There’s a slight dingy tone to the next section of shops and buildings as we move onto Southmead Road, past The Bear and Rugged Staff pub and soon after turn right into the Southmead Hospital grounds. It’s a busy place, more like an airport than a hospital, with various sections as numbered ‘gates’ and on-screen check-ins.
Find your way to the maternity section and park the car. The hospital has set visiting hours, no flowers are allowed and only 2 visitors at a time are permitted. You need to be signed in at reception and are given a lanyard with your visitor status. Because I was visiting from afar and for a relatively short time, I was allowed to visit outside of set hours, something for which I’m grateful and didn’t take too much advantage of.
In NICU all outerwear, like coats and backpacks have to be left in the designated area, to reduce the risk of someone smuggling out a baby!
Then you have to wash and dry your hands before entering the quiet yet hectic world of the NICU ward. (This will be covered in more detail in a future post).
After the visit has finished retrace all steps above and breath a sigh of relief that you’ve successfully accomplished the commute once again!
Not known for my sense of direction
It’s been fun sharing my driving adventures with you. It may surprise you that I’m not known for my sense of direction or my parking skills!
The last time I travelled on my own to England I had a big adventure involving getting lost on my first day, shortly after arriving and being saved by the kindness of strangers, so you may understand now why this driving caper has been such a big thing for me.
Are you brave when you travel? Sometimes we have no choice but to be brave and take on these challenges.
Road Rage incident (updated)
Up until a few days ago I would have said the drivers here are all polite, considerate and friendly. They pull over and wait, they let you in, they wave their thanks, they don’t tailgate, they drive politely and I’ve very much appreciated this.
But just yesterday I was subjected to a road rage incident and I still have no real idea of what I did wrong.
I became aware of a car sitting very close to me for some distance and driving quite aggressively, compared to what I’ve been used to anyway. Then as I pulled up at a roundabout she moved out from behind me and pulled up next to me to verbally abuse me over the head of her child sitting in a car seat in the front seat of her car. She accused me of putting her child in danger and was raining a torrent of foul-mouthed abuse at me.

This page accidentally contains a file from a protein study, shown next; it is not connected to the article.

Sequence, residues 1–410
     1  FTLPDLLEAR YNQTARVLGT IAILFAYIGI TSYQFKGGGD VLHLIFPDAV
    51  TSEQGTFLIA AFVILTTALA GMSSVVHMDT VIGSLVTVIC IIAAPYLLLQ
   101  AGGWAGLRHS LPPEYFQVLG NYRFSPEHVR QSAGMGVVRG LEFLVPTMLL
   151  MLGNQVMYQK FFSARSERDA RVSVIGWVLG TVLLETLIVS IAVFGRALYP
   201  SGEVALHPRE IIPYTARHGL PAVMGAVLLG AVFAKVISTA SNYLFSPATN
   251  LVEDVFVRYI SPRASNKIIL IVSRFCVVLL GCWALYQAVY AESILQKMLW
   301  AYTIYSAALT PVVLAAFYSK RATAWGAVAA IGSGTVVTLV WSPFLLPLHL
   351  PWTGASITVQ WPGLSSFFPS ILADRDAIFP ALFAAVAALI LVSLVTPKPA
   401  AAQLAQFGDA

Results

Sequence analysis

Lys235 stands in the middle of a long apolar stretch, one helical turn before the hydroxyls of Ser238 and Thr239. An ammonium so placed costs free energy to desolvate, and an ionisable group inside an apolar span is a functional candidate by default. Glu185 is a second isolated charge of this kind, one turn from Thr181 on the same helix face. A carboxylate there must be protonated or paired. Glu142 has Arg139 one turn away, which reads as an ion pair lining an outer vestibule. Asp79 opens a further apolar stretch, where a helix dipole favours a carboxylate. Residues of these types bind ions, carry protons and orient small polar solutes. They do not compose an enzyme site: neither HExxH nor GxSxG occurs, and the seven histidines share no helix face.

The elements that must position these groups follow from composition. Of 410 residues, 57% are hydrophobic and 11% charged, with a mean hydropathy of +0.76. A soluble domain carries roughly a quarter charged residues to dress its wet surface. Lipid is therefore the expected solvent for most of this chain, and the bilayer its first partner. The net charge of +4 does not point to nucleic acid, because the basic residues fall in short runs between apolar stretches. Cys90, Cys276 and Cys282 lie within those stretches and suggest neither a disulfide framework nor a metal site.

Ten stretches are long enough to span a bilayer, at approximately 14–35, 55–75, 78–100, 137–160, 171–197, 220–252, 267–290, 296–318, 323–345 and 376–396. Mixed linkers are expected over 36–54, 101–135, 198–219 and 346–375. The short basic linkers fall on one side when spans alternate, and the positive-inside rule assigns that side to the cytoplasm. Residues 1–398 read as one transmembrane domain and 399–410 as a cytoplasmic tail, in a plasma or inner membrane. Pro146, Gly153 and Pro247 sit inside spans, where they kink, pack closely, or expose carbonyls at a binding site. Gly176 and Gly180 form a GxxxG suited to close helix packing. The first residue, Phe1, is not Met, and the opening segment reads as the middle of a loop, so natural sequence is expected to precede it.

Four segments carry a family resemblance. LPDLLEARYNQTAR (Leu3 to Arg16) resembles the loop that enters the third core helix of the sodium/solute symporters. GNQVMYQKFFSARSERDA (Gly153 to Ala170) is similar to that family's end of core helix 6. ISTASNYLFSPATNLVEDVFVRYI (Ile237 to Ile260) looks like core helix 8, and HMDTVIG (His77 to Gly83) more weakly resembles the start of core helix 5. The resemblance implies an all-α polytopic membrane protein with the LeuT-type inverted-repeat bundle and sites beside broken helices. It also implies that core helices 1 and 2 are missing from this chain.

I was shocked and completely taken aback as I have no idea what I had done to her. There wasn’t any horn blowing or lights flashing to alert me that I had maybe cut in on her when changing lanes, or was driving too slowly…just the tailgating me for some distance and then her attack. She threatened to report me, saying she had my number plate details, and then thankfully the traffic moved on and I had to finish my drive trying to hold myself together.
Once I arrived at the hospital I tried to compose myself and rang a few friends to see what I should do. I had to tell my daughter just in case the woman had made a report.
I then had to drive back again and I still have a few more drives ahead of me before I return to Australia, so I have to keep my head together. Thankfully this has been the only incident and I’m trying to think that it says more about her than me. It did shake me up though.
Thanks for everyone’s positive thoughts for our family over the past few weeks, we all truly appreciate it and we know we still have a long road ahead of us. I am returning home in a week’s time and it will be hard to leave my daughter and Dottie but I will be back in about 7 weeks, this time with my husband.
It’s nice to be back with you!
NOTE: My daughter has given permission for me to use these photos and information about Dottie’s early arrival.
I am walking in the event Walk for Prems on 27 October 2019 in Canberra and have set up a fundraising page if anyone is keen to support this great cause, through Lifes Little Treasures. They were fantastic when I first made contact with them and have given me support since. They also sent out a free Prem pack full of useful information and knitted items for Dottie, which my husband sent over to us in England. Very caring and thoughtful! You can click on the link below for more information and thanks again: